Recent IPO Peloton (PTON) is gearing up to report quarterly results Tuesday. It’s been a rough ride for Peloton since hitting the public markets in September. The home fitness brand’s shares closed below their $29 IPO price on the first day of trading and have never gotten back to that level since. Peloton stock closed at $24.99 per share on Friday. Despite the underperformance, analysts are optimistic on the future of the company.
“Peloton is well positioned to scale via its powerful brand, vertically integrated model and large addressable market; we forecast ramping hardware and subscriptions given geo expansion and rising awareness,” Cowen analyst John Blackledge wrote in a note Friday. Blackledge has an Outperform rating on Peloton stock with a $34 price target, which represents a 36% increase from its current trading levels.
Analysts polled by Bloomberg are expecting Peloton to report an adjusted loss of 41 cents per share on $199.35 million in revenue during its fiscal first quarter.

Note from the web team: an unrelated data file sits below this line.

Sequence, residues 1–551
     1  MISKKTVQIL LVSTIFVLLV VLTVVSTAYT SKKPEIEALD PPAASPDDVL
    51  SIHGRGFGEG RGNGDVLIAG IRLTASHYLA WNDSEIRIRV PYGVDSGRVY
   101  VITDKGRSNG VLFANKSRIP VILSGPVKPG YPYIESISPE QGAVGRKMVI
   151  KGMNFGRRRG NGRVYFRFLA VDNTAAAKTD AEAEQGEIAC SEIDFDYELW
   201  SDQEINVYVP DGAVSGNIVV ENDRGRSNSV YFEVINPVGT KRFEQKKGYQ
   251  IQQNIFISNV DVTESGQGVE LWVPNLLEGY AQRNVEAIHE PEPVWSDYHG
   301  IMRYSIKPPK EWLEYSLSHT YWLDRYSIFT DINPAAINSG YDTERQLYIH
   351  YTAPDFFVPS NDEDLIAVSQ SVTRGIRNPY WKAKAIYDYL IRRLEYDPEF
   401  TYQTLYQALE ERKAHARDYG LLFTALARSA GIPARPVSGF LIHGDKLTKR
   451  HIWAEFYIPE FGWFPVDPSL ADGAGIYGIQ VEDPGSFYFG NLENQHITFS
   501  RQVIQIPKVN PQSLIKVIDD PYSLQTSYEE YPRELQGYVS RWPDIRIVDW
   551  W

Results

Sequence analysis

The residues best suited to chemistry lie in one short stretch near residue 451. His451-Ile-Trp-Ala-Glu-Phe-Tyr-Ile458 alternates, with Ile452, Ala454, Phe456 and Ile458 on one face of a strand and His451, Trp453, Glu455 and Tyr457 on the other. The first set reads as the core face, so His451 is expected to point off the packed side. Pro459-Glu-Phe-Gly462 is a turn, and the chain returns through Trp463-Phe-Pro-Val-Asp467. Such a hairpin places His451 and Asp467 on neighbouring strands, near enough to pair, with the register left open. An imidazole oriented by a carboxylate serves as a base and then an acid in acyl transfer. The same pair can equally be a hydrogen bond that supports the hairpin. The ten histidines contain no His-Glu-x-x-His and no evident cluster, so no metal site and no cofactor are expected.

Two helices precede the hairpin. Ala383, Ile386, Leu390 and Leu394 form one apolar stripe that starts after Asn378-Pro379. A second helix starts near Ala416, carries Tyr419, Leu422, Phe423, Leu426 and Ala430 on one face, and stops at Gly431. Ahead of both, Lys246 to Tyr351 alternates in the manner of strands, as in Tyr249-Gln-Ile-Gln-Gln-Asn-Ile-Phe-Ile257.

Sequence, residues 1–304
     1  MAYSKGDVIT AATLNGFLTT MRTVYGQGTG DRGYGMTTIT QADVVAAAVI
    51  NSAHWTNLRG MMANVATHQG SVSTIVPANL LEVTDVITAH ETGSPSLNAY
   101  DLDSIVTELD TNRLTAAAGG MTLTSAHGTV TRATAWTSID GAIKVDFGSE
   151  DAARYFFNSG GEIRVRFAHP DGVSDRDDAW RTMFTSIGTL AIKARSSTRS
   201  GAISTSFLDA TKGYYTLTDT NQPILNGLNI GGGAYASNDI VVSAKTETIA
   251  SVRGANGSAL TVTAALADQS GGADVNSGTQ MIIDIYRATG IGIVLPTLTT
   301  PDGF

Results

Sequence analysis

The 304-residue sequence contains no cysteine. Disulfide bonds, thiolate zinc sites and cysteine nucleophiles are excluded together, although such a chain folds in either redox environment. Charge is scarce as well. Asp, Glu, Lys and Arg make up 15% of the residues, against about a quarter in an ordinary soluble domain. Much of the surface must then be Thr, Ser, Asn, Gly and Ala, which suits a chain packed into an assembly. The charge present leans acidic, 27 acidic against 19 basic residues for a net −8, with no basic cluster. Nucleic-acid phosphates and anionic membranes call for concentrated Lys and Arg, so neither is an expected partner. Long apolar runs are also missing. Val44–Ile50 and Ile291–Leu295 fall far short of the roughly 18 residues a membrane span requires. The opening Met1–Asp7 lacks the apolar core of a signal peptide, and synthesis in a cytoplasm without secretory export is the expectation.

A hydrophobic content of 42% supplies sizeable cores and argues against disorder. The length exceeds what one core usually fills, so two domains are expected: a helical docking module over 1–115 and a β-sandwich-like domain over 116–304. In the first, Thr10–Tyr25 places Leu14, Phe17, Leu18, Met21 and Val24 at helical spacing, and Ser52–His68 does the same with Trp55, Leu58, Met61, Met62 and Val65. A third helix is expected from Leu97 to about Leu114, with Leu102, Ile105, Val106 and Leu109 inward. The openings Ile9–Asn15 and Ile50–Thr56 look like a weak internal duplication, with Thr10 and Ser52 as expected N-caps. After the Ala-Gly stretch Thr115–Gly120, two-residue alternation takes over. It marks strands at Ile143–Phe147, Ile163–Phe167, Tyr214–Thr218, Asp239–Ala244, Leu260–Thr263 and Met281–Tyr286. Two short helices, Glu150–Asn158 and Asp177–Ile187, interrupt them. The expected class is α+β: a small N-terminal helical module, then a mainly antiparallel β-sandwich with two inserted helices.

On the economic data front, market watchers will get the latest Institute for Supply Management’s Non-Manufacturing Index reading for October.
“Even as the non-manufacturing sector has weathered the economic headwinds of slowing global demand and the trade dispute with China to a better degree than the manufacturing sector, the headwinds have still had a dampening impact on the sector,” Wells Fargo said in a note to clients Friday. “The headline index has declined, on average, since its late 2018 peak and currently stands at a three-year low. Encouragingly, the overall performance remains in expansionary territory, though the deteriorating trend is consistent with a meaningful slowdown in growth.”
Much like Wells Fargo, economists at Nomura expect October’s non-manufacturing sector to have held up much better than the manufacturing sector. “We continue to expect elevated business uncertainty despite the recent suspension of additional U.S. tariffs on products from China. This environment suggests downside risk remains, but we expect the non-manufacturing sector to remain more resilient to this risk compared to the manufacturing sector,” the firm said.
Heidi Chung is a reporter at Yahoo Finance. Follow her on Twitter: @heidi_chung.
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